Alpha-1-antitrypsin deficiency

Treatment

What are the first steps after an initial diagnosis of alpha-1 antitrypsin deficiency?

After a diagnosis of alpha-1 antitrypsin deficiency (AATD) is made, the following are recommended:

  • Pulmonary function tests to check for signs of lung disease
  • Chest CT to check for signs of lung disease, like emphysema
  • Liver biopsy to look for signs of liver disease, when it is suspected
  • Careful examination of the skin

Guidelines written for healthcare providers about diagnosis and management of alpha-1 antitrypsin deficiency can be found at: http://journal.copdfoundation.org/jcopdf/id/1115/The-Diagnosis-and-Management-of-Alpha-1-Antitrypsin-Deficiency-in-the-Adult

A list of AATD specialists can be found at www.alpha1.org.

References
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More Treatment Content

Is there treatment for alpha-1 antitrypsin deficiency?

Is there a cure for alpha-1 antitrypsin deficiency?

What happens if I get a liver transplant to treat alpha-1 antitrypsin deficiency?

Is augmentation therapy recommended for everyone with alpha-1 antitrypsin deficiency?

Is there treatment for alpha-1 antitrypsin deficiency?

There are treatments for people with alpha-1 antitrypsin deficiency (AATD). Guidelines written for healthcare providers about diagnosis and management of people with AATD can be found at: http://journal.copdfoundation.org/jcopdf/id/1115/The-Diagnosis-and-Management-of-Alpha-1-Antitrypsin-Deficiency-in-the-Adult

Augmentation therapy is the U.S. FDA-approved treatment for AATD-related lung disease. Augmentation therapy increases the amount of alpha-1 antitrypsin protein (AAT) in the blood and lungs. It is not meant for individuals with AATD who do not have lung disease. It does not treat liver disease. The goal is to slow or stop the progression of lung damage by replacing the protein that is missing. Augmentation therapy cannot cure AATD or restore lost lung function; however, there is evidence that it slows progression of emphysema.

Augmentation therapy is made of AAT protein from the blood of healthy human donors. It is usually given weekly by intravenous (IV) infusion. Infusions may be done at home or at an infusion center. Until other therapies become available, augmentation therapy is considered ongoing and lifelong.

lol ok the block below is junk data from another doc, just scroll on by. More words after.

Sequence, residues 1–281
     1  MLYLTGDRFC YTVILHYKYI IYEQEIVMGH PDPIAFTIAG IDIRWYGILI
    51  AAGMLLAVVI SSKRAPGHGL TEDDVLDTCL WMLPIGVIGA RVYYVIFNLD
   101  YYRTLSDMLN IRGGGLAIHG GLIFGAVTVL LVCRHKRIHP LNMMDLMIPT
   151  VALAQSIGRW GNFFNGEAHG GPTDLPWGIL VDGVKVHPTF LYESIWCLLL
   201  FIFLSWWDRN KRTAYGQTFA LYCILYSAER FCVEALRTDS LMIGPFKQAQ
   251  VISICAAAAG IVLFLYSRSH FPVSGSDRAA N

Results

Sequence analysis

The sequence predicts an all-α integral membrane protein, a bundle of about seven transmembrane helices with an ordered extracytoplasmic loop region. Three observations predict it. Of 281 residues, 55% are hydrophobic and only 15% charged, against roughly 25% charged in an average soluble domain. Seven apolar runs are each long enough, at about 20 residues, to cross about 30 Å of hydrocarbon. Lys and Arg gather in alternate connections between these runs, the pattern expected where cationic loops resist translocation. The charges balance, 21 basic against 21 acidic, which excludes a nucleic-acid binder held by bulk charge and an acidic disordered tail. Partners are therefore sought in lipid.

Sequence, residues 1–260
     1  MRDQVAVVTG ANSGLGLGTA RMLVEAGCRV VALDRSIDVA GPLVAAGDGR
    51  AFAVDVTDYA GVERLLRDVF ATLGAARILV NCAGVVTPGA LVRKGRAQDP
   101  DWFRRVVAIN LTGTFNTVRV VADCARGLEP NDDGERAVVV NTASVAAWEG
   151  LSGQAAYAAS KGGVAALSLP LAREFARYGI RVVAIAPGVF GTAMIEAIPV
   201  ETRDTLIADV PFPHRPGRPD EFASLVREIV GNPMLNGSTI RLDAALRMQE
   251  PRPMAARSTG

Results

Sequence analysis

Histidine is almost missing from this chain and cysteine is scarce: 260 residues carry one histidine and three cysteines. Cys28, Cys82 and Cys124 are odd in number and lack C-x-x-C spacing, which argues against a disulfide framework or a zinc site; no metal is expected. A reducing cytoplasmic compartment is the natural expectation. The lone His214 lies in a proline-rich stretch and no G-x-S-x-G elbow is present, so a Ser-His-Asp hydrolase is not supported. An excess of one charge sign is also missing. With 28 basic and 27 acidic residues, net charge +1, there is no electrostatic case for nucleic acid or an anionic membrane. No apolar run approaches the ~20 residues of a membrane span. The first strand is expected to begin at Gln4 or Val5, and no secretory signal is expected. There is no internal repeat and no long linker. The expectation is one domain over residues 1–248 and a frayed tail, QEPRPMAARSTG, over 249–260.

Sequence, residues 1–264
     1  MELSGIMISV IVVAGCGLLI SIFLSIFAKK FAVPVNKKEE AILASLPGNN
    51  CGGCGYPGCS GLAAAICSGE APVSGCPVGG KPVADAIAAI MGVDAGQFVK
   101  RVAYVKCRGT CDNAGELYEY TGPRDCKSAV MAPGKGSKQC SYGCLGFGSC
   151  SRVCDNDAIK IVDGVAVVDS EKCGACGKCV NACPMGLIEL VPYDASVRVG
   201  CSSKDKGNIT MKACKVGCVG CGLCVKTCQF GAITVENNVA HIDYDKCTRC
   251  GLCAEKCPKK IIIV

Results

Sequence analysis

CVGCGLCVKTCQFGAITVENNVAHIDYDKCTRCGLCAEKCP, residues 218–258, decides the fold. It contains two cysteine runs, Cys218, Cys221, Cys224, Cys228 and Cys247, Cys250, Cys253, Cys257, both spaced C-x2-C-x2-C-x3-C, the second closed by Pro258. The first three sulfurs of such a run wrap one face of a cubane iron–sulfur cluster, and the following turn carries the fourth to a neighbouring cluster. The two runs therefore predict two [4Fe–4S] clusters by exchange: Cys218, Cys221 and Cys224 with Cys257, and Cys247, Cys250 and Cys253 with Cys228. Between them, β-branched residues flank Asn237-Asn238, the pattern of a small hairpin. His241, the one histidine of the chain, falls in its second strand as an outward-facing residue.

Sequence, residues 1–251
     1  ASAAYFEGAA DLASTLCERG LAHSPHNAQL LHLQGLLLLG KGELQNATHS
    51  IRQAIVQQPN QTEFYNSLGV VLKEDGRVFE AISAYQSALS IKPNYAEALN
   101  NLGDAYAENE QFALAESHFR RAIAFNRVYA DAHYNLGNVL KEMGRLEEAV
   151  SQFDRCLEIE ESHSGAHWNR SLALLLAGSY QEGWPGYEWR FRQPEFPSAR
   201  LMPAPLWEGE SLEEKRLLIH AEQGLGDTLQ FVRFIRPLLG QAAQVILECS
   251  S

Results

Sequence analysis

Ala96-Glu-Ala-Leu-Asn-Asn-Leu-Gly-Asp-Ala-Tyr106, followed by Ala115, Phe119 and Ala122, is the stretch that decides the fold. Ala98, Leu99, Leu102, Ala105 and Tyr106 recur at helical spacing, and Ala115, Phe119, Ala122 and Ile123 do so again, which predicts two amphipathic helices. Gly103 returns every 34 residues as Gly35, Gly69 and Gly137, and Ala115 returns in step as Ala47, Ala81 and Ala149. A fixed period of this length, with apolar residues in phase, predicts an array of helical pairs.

As of 2017, there are four augmentation therapy products approved by the FDA and available in the United States: Prolastin-C, Aralast NP, Zemaira, and Glassia.

Augmentation therapy is the only specific therapy for AATD-related lung disease, but people with this also benefit from standard treatments for chronic obstructive pulmonary disease (COPD). If you have COPD due to AATD, talk with your healthcare provider about which treatments might be right for you.

There are many medications that treat symptoms of lung disease. In general, these medications are the same as those for individuals with other lung diseases, such as asthma, emphysema, bronchiectasis, and COPD. Medications may be taken by mouth or inhaled. Pills and capsules have an effect on the body as a whole, whereas inhaled medications target the lung directly.

Medications for lung disease may be prescribed to help decrease mucus production and inflammation, reduce or prevent flare-ups, open airways, help clear mucus, relieve air from being trapped in the lungs, help with airflow and fight infection.

People with AATD should receive vaccinations for influenza, pneumonia, whooping cough (pertussis), and hepatitis B.

People with COPD may require supplemental oxygen. Pulmonary rehabilitation programs help people to live and breathe better with the lung function they have.

Lung or liver transplantation is an option for some patients with advanced AATD. Individuals must have extensive damage to the lungs or liver to warrant this surgical option.

Next steps: For more information about treatments, talk to your doctor or someone who specializes in alpha-1 antitrypsin deficiency. A list of alpha-1 specialists can be found at www.alpha1.org.

References
Is there a cure for alpha-1 antitrypsin deficiency?

Although there are treatments, as of May 2019 there is no cure for alpha-1 antitrypsin deficiency.

References
What happens if I get a liver transplant to treat alpha-1 antitrypsin deficiency?

If you receive a liver transplant from a donor without alpha-1 antitrypsin deficiency (AATD), your new liver will make normal levels of alpha-1 antitrypsin (AAT) protein. This means that the level of AAT in your body should no longer be low. A liver transplant will not reverse any lung damage that has already occurred. If a living donor, such as a family member, is your donor, it is important to test them for AATD before the donation happens. Although a liver transplant cures a person's low AAT levels, a liver transplant is a serious surgery that requires medications for life to combat rejection. Liver transplantation is a last treatment option for people who need it.

References
Is augmentation therapy recommended for everyone with alpha-1 antitrypsin deficiency?

Augmentation therapy for people with alpha-1 antitrypsin deficiency (AATD) is not recommended for individuals with the MZ genotype (or other carrier genotypes), individuals with AATD-related lung disease who continue to smoke, individuals with AATD and emphysema or bronchiectasis who do not have airflow obstruction, for the treatment of AATD liver disease, or for those who have undergone liver transplantation.

Medical guidelines can be found at http://journal.copdfoundation.org/jcopdf/id/1115/The-Diagnosis-and-Management-of-Alpha-1-Antitrypsin-Deficiency-in-the-Adult

References

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